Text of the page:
Despite the FTSE 100 being a UK-based stock index, it’s filled with global giants. But internationally, many developed nations face slowing growth. Risks of recession are growing amid rising energy costs, high inflation, and climbing interest rates.
Many central banks are now trying hard to reduce surging prices, even if it results in a weaker economy. That creates a difficult environment for many stocks, in my opinion.
Nevertheless, in the current climate, there are still several FTSE 100 shares that I’d like to own. I’d focus on defensive companies with earnings that are somewhat protected from an economic downturn.
8% dividend yield
For instance, Imperial Brands (LSE:IMB) is a consumer defensive company that owns strong brands. It sells cigarettes and vape products, both of which tend to be relatively protected from a slowing economy.
What I really like about Imperial is its 8% dividend yield. Not only has it got one of the largest dividends in the FTSE 100, it’s a consistent dividend-payer. With a 25-year track record of consecutive payments, Imperial has proven its reliability. As such, I’d consider it to be one of the best dividend shares in the index. Of course, dividends are never certain.
I need to bear in mind that attitudes to smoking have been changing, and long-term trends are shifting. Imperial will need to adapt effectively to keep up, but so far it appears to be doing so.
A FTSE 100 defence giant
Another defensive FTSE 100 giant is British global defence company BAE Systems (LSE:BA.). It provides some of the world’s most advanced security systems across land, air, sea, and cyberspace.
BAE’s shares have been in demand in recent months. Over the past year, its share price has climbed by an astonishing 64%. The war in Ukraine has driven many countries to consider raising their own defence spending.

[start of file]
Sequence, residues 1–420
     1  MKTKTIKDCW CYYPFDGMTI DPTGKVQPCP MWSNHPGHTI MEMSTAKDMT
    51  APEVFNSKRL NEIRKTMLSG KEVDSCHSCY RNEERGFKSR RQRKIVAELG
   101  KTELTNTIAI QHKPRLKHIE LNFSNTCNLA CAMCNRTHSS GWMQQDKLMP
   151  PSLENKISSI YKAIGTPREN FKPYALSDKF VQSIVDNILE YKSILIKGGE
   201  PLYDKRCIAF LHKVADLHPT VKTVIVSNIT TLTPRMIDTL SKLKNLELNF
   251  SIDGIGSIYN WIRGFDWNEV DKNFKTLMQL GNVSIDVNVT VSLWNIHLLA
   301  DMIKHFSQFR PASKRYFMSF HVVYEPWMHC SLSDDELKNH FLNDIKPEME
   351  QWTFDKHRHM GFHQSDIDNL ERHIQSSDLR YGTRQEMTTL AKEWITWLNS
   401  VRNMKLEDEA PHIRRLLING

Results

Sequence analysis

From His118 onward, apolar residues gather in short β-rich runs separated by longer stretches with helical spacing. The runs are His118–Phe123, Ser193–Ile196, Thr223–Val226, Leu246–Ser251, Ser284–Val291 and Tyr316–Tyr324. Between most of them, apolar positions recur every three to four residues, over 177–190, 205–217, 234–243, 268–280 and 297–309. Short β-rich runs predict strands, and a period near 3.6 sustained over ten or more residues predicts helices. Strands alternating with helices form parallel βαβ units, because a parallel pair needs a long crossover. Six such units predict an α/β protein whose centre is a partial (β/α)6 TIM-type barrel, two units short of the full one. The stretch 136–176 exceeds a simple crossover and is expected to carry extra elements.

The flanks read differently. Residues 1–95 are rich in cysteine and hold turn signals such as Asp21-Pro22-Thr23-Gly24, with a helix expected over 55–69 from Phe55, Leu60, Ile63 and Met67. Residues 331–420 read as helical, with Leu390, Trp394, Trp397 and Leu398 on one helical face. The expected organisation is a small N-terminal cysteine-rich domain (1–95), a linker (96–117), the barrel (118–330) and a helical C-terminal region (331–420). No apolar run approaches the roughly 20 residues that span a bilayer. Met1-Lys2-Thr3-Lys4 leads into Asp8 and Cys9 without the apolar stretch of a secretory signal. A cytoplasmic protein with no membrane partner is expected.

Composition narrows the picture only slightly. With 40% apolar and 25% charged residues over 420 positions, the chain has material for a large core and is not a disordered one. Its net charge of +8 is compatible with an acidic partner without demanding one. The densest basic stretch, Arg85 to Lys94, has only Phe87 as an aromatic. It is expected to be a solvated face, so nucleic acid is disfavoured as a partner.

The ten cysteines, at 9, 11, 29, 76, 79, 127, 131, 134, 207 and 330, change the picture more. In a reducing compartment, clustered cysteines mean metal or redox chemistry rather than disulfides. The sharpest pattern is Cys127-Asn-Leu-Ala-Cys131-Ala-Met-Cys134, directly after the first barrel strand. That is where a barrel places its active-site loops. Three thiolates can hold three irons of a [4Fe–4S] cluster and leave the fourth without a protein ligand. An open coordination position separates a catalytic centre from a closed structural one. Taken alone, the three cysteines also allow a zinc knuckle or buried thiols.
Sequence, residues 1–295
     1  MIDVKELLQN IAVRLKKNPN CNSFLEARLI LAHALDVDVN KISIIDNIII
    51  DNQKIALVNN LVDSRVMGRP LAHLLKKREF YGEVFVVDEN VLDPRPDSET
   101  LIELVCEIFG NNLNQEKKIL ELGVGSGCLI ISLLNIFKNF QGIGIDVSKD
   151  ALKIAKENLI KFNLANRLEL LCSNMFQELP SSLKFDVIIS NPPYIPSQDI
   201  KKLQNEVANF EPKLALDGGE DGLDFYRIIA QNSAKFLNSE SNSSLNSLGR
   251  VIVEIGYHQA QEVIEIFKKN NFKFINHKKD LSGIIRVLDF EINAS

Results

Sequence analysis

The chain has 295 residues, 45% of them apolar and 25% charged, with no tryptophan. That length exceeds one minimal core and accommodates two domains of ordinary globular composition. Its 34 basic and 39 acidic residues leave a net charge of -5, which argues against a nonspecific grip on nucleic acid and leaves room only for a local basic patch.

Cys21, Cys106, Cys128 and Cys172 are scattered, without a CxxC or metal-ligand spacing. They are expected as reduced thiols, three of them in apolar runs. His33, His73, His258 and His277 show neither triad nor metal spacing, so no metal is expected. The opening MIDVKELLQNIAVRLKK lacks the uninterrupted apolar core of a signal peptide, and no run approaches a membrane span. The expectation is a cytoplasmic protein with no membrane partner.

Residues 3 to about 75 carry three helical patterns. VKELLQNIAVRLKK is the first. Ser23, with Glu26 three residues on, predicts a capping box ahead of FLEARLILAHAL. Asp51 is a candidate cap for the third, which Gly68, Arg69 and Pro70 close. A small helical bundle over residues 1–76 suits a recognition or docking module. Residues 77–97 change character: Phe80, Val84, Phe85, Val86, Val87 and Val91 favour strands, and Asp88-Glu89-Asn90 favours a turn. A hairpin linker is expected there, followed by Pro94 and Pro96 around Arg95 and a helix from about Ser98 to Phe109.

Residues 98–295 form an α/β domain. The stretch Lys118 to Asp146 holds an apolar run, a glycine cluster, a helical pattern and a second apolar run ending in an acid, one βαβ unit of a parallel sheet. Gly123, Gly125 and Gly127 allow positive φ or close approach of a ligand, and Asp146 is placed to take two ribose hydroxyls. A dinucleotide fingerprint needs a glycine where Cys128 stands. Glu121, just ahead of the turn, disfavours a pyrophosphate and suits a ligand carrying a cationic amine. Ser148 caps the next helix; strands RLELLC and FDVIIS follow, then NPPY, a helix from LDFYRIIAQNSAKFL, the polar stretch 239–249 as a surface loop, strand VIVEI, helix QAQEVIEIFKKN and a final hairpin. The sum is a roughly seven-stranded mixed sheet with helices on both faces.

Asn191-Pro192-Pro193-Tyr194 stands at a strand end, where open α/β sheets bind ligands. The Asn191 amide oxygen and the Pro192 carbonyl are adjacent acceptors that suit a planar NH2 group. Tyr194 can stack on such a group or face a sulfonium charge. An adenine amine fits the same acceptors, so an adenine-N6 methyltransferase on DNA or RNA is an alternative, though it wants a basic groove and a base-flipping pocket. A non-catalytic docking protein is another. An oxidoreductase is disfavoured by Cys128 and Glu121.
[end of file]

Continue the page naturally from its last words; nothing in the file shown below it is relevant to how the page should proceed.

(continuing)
For BAE, rising demand for its products is in sharp contrast to many other British businesses that are facing slowing demand.
Just this week, the UK government announced that it will spend 2.5% of gross domestic product (GDP) on defence by 2030. By my calculations, that totals an extra £55bn of spending versus the previous pledge.
As the UK’s largest defence contractor, BAE would likely benefit, and its earnings could remain supported for many years. In fact, it could benefit many defence stocks.
That said, the US is a much larger market for BAE. One element to watch includes defence budgets that are driven by US debt levels and spending priorities.
BAE displays several characteristics that make it a high-quality share, in my opinion. For instance, it operates with a double-digit return on capital employed and a double-digit profit margin.
To top it off, it offers a 3.2% dividend yield. That’s a lower yield than the average FTSE 100 share, but when combined with growing earnings it becomes much more appealing.
All things considered, I’d buy these shares. Especially as the risks of recession climb.